Therefore, I recommend that for communicating with computers outside your trusted network, it's important that you don't use the Automatic logon with current username and password setting. For your Intranet zone (and perhaps Trusted sites zone, if you use that zone for business partners in an extranet scenario), I recommend that you set Logon to Automatic logon only in Intranet zone. For your Internet and Restricted sites zone, you should use Anonymous logon or Prompt for user name and password. If you select Anonymous logon, IE won’t respond to authentication requests. If you select Prompt for user name and password, IE won’t automatically respond to authentication requests with the user’s domain credentials; instead, IE displays a window asking the user for credentials.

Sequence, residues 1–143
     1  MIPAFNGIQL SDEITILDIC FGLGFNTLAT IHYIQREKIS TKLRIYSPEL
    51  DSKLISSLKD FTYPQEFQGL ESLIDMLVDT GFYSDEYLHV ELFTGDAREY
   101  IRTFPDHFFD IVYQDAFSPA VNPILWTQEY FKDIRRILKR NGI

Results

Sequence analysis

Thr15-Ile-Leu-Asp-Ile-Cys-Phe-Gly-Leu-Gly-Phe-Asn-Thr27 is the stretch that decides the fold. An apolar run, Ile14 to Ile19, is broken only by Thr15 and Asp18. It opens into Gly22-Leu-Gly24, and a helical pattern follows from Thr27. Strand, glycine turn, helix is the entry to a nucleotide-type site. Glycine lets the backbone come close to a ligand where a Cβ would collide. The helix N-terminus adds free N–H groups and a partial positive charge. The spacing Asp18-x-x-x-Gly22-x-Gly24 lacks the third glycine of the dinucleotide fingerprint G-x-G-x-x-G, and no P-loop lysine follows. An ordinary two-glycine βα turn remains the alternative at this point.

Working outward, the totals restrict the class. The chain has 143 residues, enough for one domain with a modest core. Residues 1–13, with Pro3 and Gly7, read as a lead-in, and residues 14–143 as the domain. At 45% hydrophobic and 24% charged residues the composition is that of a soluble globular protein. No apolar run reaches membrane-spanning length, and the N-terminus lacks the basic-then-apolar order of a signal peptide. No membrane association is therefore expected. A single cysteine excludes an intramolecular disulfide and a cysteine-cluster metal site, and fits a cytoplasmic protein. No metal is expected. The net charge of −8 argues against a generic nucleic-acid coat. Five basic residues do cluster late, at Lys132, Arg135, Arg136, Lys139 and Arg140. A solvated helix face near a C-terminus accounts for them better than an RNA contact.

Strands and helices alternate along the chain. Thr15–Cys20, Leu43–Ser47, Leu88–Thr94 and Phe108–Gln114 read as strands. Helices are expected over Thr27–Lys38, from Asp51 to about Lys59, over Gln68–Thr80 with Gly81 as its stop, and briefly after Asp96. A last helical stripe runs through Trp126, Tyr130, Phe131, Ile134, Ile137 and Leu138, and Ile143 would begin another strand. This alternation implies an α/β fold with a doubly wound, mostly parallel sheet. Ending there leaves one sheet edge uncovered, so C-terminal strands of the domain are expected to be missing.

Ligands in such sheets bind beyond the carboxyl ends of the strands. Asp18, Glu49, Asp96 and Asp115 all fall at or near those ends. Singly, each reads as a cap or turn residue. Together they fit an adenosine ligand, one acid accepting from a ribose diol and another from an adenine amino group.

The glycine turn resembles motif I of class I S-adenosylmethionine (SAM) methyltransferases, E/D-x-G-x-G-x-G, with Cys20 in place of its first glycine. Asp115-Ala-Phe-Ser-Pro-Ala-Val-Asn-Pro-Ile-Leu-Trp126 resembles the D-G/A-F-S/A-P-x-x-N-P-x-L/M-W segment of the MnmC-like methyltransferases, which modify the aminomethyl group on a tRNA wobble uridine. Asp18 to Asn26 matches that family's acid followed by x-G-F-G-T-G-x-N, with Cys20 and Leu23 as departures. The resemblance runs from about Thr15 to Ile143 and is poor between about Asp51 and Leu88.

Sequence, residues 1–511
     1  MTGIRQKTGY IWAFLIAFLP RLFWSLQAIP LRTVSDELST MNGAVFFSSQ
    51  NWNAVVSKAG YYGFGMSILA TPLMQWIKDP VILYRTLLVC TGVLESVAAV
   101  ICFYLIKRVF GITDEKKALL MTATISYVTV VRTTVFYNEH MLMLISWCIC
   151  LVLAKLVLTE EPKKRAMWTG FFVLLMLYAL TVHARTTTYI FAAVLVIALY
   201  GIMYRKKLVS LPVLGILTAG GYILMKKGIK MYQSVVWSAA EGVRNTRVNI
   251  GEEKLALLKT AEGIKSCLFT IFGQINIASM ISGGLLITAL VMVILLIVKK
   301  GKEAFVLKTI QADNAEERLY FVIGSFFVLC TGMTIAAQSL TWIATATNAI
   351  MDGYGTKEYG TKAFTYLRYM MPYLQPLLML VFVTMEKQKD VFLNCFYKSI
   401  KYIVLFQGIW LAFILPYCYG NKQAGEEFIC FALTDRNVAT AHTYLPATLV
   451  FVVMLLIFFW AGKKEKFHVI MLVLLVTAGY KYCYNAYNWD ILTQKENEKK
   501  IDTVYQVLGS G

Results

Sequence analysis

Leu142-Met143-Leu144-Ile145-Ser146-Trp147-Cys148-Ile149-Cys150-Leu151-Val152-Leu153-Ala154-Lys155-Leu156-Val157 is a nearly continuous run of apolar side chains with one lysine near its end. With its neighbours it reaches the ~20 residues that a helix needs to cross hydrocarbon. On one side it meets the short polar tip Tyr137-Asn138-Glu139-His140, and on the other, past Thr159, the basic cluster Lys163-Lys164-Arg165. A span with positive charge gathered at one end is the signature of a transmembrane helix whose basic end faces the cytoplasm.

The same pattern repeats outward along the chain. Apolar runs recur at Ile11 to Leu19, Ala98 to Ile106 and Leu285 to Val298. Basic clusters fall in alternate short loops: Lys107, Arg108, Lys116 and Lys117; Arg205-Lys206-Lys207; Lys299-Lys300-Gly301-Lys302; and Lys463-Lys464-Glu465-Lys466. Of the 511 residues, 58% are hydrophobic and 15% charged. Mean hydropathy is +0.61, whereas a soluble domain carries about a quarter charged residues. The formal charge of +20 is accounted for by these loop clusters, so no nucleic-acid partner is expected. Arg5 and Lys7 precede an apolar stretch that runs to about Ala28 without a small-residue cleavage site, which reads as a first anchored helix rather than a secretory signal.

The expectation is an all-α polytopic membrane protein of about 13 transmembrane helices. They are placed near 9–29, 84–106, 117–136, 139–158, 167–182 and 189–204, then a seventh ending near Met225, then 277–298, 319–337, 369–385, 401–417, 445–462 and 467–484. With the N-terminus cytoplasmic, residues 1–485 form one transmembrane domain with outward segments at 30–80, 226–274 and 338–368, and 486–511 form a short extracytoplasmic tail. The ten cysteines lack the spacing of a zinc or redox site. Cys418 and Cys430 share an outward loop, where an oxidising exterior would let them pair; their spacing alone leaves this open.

As you can see, you have many security settings in IE to configure for each zone. In Part 6, I’ll show you how to use Group Policy to configure the options centrally for all your users.